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How I Got That Book Deal

All I Had To Do Was Try. For Three Decades.

In 2023, Unsolicited Press will publish As Far as You Can Go Before You Have to Come Back — the novel for which I wrote the first sentence in 1993: “I was watching myself from beside myself.”

Over the three decades spent pursuing publication, I’ve gone from, “This has to be an Oprah book and a movie or I’ll perish,” to: “I’ll be thrilled if it’s published by anyone but me.”

Two weeks ago, when I signed my contract, my 14-year-old son asked, “Is this book on your bucket list?”

I said, “This book is my bucket list.”

The early 90s

The times were ripe for My Work. As Far as You Can Go told the story of an incest survivor who steals $10,000 from her abusive parents and runs away to Asia, only to have her disaster way of dealing with life follow her there. Taking on a tai chi practice, she begins another journey, one to find the self-respect ripped from her as a child and the healthy sexuality she craves.

I received an offer from a press that turned into offers from three presses.

By pdsci for Shutterstick

It took eight years of writing for a 10-hour stretch every weekend — Friday evening until dawn on Saturday — and two writing groups reading ten pages a week (neither of which finished the book before folding or kicking out me and As Far ) until I had a draft ready to send to agents. The first agent to whom I submitted asked to see the full manuscript. I was so thrilled that I called my now-husband and shrieked, “Full manuscript!” several times into his answering machine (proof of how far back this undertaking goes). They were the only words I could muster.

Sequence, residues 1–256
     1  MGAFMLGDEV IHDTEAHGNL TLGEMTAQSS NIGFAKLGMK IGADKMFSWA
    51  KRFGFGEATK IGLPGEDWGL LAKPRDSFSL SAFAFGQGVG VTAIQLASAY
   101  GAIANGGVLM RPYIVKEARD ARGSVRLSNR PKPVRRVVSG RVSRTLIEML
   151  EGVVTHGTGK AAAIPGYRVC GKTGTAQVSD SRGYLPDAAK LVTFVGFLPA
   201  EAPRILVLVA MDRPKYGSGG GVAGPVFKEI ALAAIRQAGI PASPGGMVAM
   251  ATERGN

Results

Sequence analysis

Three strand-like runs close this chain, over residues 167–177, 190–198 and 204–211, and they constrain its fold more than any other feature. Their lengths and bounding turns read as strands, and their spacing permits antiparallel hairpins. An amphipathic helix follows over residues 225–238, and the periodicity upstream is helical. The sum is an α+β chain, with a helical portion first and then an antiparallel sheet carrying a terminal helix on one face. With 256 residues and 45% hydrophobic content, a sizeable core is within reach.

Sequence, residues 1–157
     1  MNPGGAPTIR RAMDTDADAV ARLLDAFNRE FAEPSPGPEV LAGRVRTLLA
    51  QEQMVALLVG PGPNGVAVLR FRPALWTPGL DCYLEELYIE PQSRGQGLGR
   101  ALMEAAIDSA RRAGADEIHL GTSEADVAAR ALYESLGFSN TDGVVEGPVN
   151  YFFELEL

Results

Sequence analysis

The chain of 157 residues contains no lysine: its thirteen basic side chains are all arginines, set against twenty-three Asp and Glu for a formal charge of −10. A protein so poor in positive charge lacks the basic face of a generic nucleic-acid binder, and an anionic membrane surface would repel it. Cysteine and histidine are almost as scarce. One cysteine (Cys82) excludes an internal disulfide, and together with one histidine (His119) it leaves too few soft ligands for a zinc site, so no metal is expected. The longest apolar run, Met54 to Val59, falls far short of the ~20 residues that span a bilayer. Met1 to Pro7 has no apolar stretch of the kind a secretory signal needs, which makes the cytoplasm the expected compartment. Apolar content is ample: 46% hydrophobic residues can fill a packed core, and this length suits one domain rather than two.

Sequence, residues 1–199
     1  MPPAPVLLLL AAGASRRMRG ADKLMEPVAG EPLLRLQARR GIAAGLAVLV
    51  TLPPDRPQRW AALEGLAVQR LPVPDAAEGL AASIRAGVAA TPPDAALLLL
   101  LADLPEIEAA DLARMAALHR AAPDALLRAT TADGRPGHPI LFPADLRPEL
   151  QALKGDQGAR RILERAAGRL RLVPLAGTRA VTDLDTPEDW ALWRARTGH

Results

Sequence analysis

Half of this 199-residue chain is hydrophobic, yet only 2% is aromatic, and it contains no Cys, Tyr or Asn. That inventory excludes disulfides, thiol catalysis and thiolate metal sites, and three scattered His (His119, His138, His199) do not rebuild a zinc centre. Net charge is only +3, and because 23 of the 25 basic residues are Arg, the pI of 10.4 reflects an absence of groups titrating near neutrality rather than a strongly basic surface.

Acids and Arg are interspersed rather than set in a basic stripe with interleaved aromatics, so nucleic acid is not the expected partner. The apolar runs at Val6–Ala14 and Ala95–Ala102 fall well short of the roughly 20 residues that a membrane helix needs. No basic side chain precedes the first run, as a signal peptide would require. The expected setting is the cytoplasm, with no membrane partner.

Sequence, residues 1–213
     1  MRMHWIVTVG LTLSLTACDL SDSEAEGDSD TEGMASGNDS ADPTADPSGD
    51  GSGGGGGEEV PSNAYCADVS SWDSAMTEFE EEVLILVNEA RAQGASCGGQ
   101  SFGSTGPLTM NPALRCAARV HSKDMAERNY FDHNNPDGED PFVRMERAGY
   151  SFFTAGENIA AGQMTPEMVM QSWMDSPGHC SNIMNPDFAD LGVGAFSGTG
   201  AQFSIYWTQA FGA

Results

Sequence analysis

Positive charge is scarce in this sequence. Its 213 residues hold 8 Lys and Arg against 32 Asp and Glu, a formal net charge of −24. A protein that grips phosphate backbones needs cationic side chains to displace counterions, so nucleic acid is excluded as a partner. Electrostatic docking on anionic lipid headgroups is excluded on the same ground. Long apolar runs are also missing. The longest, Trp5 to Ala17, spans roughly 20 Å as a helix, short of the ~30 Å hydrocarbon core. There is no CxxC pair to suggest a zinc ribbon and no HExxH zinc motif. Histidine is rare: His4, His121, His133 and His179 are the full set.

A month later, she turned me down.

It took four months until I felt brave enough to send to another agent.

More than 75 submissions later

I was over rejection. It was all the numbers: 35% of the agents I sent the requisite 50 pages to asked to see a partial or full. I received not one offer.

It was clear that something was resonating in the opening pages that wasn’t fulfilled by the rest of the book. I ceased submitting to work with Carole L. Glickfeld, who was fresh off winning The Washington State Book Award for her novel, Swimming to the Ocean. (Lovely book. Read.) After two robust edits guided by Carole, I felt ready.

Jump-starting the submissions process

In the airport in Chiang Mai, Thailand, checking email before our hop of a flight to Siem Reap, Cambodia, to visit the temples at Angkor Wat, I received a request for the full manuscript from the agent who, six months later, offered me representation. By the time she had my manuscript (renamed at her suggestion Wave Hands Like Clouds) ready to send to publishers, it was the September, 2001. Not to imply that I take it personally, but 9/11 happened. In addition to the fact that no one knew if we were going to survive, all any publisher wanted to sign were books about understanding Islam or how bad Muslims were, depending on the political bent of the house.

Next, my agent got sick to the point that she was bleeding from her eyeballs. She dropped me. Putting me in the unenviable position of having had 25 houses turn me down but no agent to champion me at smaller presses. I launched to small houses myself. For the next five years, there was not a day that three, four, five readers at small-to-medium publishing houses were not experiencing the supplication that was me trying to place my book.

victoras for Shutterstock

No, no, and no.

And no and no and no.

The Oprah Moment for the book had passed. I had no platform to speak of. Additionally, I was not getting pregnant. Then had my first miscarriage. The manuscript took up residence in a drawer while I had two children and published essays, short stories, and flash fiction.